I’ve always thought of the east side of Dartmoor as being a little too popular for my tastes; some of the iconic tors, such as Hay and Hound are well trodden thanks to the car parks at the foot of each, and so I have shied away from them. However, on my previous visit, as I drove across from Ashburton to Princetown, via the village of Widecombe in the Moor, I had chanced upon a beautiful day and the whole scene had me thinking of giving it a go.
Fast forward to last weekend. Starting from a small car park near Harefoot Cross, above Widecombe, I headed north in a biting wind, and, within a matter of minutes, the rain. Fortunately, it lasted no more than half an hour, but the showers stayed close for the day; countless rainbows spotted throughout the walk were testament to that.
Across Bonehill Rocks, where school kids were being instructed in some climbing, on to Bell and Chinkwell Tors respectively. I took a look at Honeybag Tor, some 500 metres away, but, still yet to find a second wind, I turned back and headed east, then north across Houndtor Down, to the famous Hound Tor.
Hound Tor is a well known climbing location, and even on a mixed bag like today, there were plenty of ropes dangling from the tops of the granite walls.
I moved on, down to a medieval settlement, nicely sheltered from a south westerly in a re-entrant with Hound Tor and Greator Rocks either side.
The track then fell away, some 80 metres, into woodland either side of Becka Brook.
A steady climb up out of the valley, I came to Smallacombe Rocks, and before me, a kilometre and a half away, lay Haytor Rocks; quite possibly the most photographed of all the tors on Dartmoor. As you near the giant granite outcrops, you get a sense of the size by the people clambering onto their tops.
Arriving at these tors from the north is much preferable, as you get a more remote feel to the whole scene, because once passed through the two lumps, you can see the bustling car park some thirty metres below.
I avoided the throngs, and set off to the quarries to the west, and then Saddle Tor, before hitting the road for a short stretch and an easy ascent of Top Tor. From here, it was a few minutes to the car.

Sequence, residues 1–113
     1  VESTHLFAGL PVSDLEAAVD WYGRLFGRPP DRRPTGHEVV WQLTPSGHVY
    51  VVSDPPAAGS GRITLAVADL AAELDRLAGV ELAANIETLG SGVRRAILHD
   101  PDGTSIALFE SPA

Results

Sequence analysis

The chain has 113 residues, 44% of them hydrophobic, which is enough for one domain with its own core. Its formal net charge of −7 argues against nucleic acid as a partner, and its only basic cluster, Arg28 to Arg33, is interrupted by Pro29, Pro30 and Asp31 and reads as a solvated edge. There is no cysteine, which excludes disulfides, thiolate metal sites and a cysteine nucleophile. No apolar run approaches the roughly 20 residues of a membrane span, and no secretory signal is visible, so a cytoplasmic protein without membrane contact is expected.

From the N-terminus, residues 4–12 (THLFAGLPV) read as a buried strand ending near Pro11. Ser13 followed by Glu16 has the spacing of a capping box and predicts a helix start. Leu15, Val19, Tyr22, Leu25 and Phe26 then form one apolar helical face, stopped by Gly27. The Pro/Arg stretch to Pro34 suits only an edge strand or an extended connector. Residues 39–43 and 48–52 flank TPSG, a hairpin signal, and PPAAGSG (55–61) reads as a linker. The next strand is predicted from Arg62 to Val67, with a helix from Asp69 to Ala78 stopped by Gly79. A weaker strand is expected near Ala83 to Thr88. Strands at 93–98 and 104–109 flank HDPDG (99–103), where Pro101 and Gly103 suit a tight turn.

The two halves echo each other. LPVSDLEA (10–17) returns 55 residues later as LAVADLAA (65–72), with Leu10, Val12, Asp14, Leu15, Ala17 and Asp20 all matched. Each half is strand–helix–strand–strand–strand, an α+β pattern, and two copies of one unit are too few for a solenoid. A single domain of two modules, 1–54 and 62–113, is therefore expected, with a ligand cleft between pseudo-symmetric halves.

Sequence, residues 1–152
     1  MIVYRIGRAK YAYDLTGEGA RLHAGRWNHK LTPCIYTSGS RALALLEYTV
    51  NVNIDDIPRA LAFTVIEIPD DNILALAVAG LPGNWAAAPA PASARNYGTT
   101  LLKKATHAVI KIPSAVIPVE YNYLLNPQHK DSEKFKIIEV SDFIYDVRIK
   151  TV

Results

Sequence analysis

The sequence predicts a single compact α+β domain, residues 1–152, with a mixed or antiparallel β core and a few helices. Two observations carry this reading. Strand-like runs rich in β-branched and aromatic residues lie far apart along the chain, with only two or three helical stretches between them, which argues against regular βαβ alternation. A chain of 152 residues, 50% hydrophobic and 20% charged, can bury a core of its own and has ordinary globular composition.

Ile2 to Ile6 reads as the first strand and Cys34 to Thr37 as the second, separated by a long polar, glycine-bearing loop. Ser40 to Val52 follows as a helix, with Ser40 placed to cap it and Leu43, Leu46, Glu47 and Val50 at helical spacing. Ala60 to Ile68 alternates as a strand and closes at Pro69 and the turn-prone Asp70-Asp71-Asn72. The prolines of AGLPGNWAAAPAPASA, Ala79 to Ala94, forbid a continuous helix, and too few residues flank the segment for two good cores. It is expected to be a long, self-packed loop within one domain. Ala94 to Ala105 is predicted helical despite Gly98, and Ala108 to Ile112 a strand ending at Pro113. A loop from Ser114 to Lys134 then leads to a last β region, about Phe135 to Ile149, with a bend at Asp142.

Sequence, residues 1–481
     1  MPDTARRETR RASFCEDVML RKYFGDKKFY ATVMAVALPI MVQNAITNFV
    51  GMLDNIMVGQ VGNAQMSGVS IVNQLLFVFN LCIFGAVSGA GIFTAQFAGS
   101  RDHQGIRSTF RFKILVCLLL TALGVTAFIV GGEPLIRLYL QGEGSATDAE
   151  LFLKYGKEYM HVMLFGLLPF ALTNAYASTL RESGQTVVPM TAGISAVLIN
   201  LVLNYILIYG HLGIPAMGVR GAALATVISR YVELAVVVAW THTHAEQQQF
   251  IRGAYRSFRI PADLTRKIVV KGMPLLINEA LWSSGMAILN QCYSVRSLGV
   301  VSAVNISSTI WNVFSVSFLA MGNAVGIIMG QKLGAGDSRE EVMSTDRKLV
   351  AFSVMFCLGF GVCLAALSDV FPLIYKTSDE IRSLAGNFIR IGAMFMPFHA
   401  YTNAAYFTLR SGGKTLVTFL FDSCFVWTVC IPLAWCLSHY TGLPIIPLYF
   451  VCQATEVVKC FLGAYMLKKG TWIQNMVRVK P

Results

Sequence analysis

Sunday, and back to the north; a quick excursion from Meldon Reservoir to High Willhays, and back. I couldn’t believe my luck with the weather. The Reservoir was stunning on a perfect morning with a cloudless sky. A far cry from the downpour overnight.
I followed the reservoir path to the base of Homerton Hill; as the track climbed, I decided to take a feint higher route, that had me climbing steeply on, thankfully, well drained grass.
By now, any semblance of a path had now disappeared. Reaching the top of the hill, I was thrilled to find an unmarked cist, and a very well preserved one at that!
Looking back at the view, it must have been a person of high esteem that had been buried here, overlooking what 3500 years ago would have been a wonderful valley, and not a man made reservoir. Mind you, the view is still pretty good!
I’ve always know that the route to Black Tor and higher was a boggy affair, but on this occasion, the ground was saturated more than normal.
By the time I had reached Fordsland Ledge, my boots had succumbed to the water. It actually took me two whole days to finally get them dry.
I took a quick break at High Willhays to polish of a bar of chocolate and enjoy the views.
and then on to Yes Tor..
Both high points of Devon ticked off, I picked my way through the clitter on its east flank, making a beeline straight for Longstone Hill. The clitter was little trouble, but the grass here was sodden, and I must have aqua planed at least half a dozen times before I hit the comfort of an actual track.
Round Longstone Hill, and back to the car park in only a few hours, I was off to my mum’s for a well earnt Sunday roast!
Bloody hell, it was good to get back out there, and here’s hoping it has helped me in time for a trek next week in Majorca on a stretch of the GR221 - Dry Stone Way.